How to Sleep Like a Baby Program Recap

Thank you to Dr. Subooha Zafar, a sleep specialist from Capital Health, for revealing the intricacies of sleep and what we can do to improve as well as harm our sleep pattern.  While we will never be able to sleep like a baby, sleep is just as important as we age.  Sleep can have a tremendous impact on our immune system, our ability to focus and retain information, and can increase our risk for high blood pressure, diabetes, and stroke.  In addition, lack of sleep can impact our driving the same, if not more, than drinking alcohol.

So what can we do to improve our sleep and ensure that we are well-rested?  First, we need to consistently get 7-8 hours of sleep each night.  While this is easier said than done, cutting out caffeine later in the day, resisting the urge to nap, and ensuring the bedroom environment is conducive to sleeping will all help ensure we can fall asleep quickly and stay asleep throughout the night.  We also want to practice good “sleep hygiene” which include exercise, keeping a consistent bedroom temperature, and practicing mental distraction techniques to keep our brain from running wild as we try to fall asleep.  For example, we often think about all of the things that happened during the day as well as what we need to get done the following day as we are trying to fall asleep.  Instead, process all of these things earlier in the day so that your mind is free when you lay down; additionally, if you have trouble calming your mind, a simple mental distraction technique is to focus solely on your breathing.  By paying attention to the depth and speed of your breathes, your brain activity will slow since you are now focusing on something that involuntary.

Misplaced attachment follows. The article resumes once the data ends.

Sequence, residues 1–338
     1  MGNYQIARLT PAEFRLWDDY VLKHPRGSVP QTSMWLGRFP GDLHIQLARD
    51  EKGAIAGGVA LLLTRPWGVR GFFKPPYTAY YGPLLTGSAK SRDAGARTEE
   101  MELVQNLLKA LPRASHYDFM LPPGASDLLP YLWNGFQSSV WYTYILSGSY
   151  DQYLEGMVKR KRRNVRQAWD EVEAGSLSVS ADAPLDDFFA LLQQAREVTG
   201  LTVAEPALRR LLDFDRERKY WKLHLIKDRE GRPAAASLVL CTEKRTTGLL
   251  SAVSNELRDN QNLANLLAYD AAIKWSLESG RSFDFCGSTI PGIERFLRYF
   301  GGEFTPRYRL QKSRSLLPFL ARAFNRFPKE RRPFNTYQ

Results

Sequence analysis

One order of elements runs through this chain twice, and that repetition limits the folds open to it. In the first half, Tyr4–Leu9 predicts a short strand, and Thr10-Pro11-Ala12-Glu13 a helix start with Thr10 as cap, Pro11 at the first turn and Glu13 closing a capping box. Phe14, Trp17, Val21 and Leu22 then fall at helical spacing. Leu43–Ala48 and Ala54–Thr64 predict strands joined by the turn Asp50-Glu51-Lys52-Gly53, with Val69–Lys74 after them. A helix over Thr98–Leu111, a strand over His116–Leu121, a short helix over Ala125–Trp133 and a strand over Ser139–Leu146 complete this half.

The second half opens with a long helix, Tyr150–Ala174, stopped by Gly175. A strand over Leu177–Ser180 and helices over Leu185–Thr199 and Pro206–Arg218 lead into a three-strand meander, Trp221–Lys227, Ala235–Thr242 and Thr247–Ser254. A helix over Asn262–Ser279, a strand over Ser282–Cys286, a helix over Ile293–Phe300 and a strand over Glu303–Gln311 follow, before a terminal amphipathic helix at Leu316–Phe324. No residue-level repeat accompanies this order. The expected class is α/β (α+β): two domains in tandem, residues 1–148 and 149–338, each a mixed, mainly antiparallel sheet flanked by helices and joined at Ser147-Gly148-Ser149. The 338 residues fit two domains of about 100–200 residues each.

While medications can help us in the short-term to gain deep and restful sleep, your body can become dependent on them and just like with any other drug, your body can build up a tolerance which will make them less effective over long-term use.  Behavioral strategies such as relaxation training, cognitive therapy, and stimulus control (not having the television on since the changes in volume as well as the light waves emitted from the screen cause your brain to become active and can hinder sleep) can be used instead of medications.

About Andrew Dauphinee

Education and learning are passions of mine. Lifelong learning is a core part of who I am and I strive to pass that desire for information on to everyone I meet. As the Instruction and Outreach Librarian, it is my goal to provide quality, informative, and relevant programming to meet the diverse needs of our patrons. Please contact me regarding programming at adauphinee@njstatelib.org.